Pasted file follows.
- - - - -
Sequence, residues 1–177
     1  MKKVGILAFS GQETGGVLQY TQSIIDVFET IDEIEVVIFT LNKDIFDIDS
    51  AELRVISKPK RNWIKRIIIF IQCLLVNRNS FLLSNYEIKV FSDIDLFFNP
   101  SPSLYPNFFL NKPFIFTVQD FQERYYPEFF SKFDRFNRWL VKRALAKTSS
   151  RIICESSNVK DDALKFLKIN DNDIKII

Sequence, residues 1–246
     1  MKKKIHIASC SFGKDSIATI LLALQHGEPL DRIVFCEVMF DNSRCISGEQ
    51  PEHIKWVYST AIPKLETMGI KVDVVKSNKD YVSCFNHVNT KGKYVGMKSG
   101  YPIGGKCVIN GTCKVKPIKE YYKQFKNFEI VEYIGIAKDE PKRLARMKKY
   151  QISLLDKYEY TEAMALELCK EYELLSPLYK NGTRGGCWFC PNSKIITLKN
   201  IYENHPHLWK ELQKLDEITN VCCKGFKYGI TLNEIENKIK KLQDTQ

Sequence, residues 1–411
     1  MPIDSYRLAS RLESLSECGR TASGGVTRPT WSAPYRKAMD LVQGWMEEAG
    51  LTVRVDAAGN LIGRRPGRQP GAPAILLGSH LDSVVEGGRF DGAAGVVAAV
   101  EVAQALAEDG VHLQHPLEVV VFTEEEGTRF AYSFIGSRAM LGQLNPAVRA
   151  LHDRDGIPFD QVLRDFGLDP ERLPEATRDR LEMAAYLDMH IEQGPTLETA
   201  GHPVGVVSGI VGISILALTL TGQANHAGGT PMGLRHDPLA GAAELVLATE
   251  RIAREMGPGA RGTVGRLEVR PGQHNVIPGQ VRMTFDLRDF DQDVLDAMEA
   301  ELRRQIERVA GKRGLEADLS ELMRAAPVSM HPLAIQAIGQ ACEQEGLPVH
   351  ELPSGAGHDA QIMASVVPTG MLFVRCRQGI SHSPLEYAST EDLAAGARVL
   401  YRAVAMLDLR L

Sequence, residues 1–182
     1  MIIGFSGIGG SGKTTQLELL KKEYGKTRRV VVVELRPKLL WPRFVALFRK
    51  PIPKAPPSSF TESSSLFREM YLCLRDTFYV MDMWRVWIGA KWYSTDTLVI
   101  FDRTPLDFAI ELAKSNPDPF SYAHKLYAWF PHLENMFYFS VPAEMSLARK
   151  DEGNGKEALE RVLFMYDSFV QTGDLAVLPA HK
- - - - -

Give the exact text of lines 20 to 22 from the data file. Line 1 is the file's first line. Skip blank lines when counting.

   351  ELPSGAGHDA QIMASVVPTG MLFVRCRQGI SHSPLEYAST EDLAAGARVL
   401  YRAVAMLDLR L

Sequence, residues 1–182